Immunotherapy may play a growing role in treating gastrointestinal cancers categorized as MSI-high.
RHONDA BALL could see and feel a tumor on her stomach shrinking after she started taking Keytruda. - PHOTO BY AMY TANNENBAUM
Rhonda Ball was all too familiar with the ups and downs of cancer treatment when, in 2016, she entered a clinical trial for Keytruda (pembrolizumab), a drug that boosts the immune system. By then, she had endured surgery and chemotherapy to treat breast cancer that was diagnosed in 2009 and uterine cancer that occurred three years later. Finally, after an unrelated cancerous blockage appeared in her bowel in 2016, she was offered immunotherapy — a treatment that was possible because of a particular genetic characteristic of her tumors.
Two years earlier, three small tumors had emerged on the back of Ball’s skull, hip and stomach, two of which were removed and studied. DNA sequencing revealed an abnormal biomarker called microsatellite instabilityhigh (MSI-high), also known as mismatch repair-deficient. It meant that her cancer cells had a diminished ability to repair their own DNA. This deficiency could make them vulnerable to drugs like Keytruda, which are designed to free up the immune system to recognize and attack cancer.
From day one, Ball could tell Keytruda was working on the stomach tumor, which had started to break through her skin. “The very first day I had the treatment, the tumor was just burning, and visually I could tell it was shrinking,” says Ball, who, starting in August 2016, received infusions at the Ohio State University Comprehensive Cancer Center’s Arthur G. James Cancer Hospital and Richard J. Solove Research Institute, in Columbus. “That made me think it was working.” Ball’s most recent scans in January 2018 showed no signs of cancer.
The Food and Drug Administration (FDA) approved Keytruda in May 2017 to treat any metastatic or nonresectable type of cancer that’s MSI-high. The first FDA approval based on a genetic characteristic of cancer rather than its location in the body, it was hailed as a breakthrough by oncologists — particularly those who treat gastrointestinal cancers. Keytruda is known as a checkpoint inhibitor because it interferes with the protein PD-1, which would otherwise keep the immune system in check, preventing it from going into overdrive to attack cancer.
“Anti—PD-1 therapy for MSI-high colorectal cancer was the first immunotherapy approved for gastrointestinal cancers, in part because this therapy works extremely well for the majority of patients who are MSI-high,” says Michael Overman, M.D., associate professor in the department of gastrointestinal medical oncology at MD Anderson Cancer Center in Houston. “And when it works, it often seems to keep working.”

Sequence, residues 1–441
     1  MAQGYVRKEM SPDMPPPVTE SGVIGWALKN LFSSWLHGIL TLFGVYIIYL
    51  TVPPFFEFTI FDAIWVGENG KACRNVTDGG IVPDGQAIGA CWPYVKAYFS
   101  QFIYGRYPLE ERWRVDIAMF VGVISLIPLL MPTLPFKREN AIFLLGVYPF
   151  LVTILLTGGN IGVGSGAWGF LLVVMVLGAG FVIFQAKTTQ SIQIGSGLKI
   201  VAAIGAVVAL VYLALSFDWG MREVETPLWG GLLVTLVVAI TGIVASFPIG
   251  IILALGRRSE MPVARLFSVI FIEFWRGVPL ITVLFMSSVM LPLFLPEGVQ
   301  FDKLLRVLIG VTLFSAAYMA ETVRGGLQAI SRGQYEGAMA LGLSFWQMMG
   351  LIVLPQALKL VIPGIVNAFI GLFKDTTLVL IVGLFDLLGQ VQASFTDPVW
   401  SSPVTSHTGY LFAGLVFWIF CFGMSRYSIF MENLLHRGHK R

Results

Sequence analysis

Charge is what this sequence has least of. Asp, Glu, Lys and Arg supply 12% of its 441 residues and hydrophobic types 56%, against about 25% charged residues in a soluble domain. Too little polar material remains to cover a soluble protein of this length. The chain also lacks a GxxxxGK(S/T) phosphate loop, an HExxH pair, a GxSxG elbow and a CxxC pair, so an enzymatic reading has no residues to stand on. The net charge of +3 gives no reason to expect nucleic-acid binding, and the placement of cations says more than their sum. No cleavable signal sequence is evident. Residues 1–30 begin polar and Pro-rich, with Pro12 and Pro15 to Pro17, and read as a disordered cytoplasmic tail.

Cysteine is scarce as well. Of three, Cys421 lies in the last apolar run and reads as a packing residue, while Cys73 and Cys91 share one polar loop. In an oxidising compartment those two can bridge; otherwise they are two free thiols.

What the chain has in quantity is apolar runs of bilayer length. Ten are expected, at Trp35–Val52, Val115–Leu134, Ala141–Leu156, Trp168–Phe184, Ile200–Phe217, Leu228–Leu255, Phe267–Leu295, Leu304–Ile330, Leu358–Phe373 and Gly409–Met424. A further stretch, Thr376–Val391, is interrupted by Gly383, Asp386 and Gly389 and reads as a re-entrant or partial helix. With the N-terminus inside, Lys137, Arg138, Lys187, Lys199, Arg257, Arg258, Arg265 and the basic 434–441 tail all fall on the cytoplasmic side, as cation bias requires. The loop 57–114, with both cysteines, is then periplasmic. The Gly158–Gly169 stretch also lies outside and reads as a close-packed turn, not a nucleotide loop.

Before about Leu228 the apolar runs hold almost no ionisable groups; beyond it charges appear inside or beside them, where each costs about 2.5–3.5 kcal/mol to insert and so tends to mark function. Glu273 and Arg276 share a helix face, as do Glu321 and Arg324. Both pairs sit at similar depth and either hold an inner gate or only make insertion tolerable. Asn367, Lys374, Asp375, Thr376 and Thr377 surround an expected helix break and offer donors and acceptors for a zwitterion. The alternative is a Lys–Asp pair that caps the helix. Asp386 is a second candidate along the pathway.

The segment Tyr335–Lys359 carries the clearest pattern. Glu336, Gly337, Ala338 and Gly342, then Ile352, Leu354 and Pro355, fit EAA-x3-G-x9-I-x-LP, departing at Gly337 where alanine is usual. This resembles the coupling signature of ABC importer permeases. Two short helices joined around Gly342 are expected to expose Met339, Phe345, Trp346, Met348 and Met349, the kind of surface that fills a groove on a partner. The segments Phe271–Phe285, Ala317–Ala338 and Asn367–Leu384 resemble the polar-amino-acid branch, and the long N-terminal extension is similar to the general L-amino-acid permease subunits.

An estimated 15 percent of colorectal cancers are MSIhigh, as are up to 39 percent of gastric tumors, although the mutational status is less common in advanced disease. About 3 percent of colorectal cancers with the abnormality occur in patients who have Lynch syndrome — an inherited collection of gene mutations that are associated with cancer risk — but other MSI-high tumors, like Ball’s, appear to form spontaneously. MSI-high status is sometimes also seen in glioblastoma brain tumors; lymphomas; and cancers of the urinary tract, ovaries or endometrium, according to a 2017 study published by Harvard researchers in the journal Nature Communications. This mutational status can also appear in biliary, bladder, breast, pancreatic, prostate, renal cell, sarcoma, small cell lung, small intestinal, thyroid and peritoneal cancers, according to Merck & Co., the maker of Keytruda.
Because MSI-high tumors cannot repair their DNA, they have about 1,700 mutations, on average, compared with 70 found in normal cancer cells. Scientists who helped develop the drug for MSI-high tumors believe it works because of the sheer quantity of mutations the irregularity causes. “The more mutations a tumor has, the more foreign it looks to the immune system,” explains Dung Thi Le, M.D., an associate professor of oncology at Johns Hopkins University School of Medicine in Baltimore and a clinical trial investigator who tested Keytruda in MSI-high cancers. Once the mutations flag MSI-high tumors as foreign invaders, the drug unveils the cancer to the immune system, which sets out to eliminate the disease.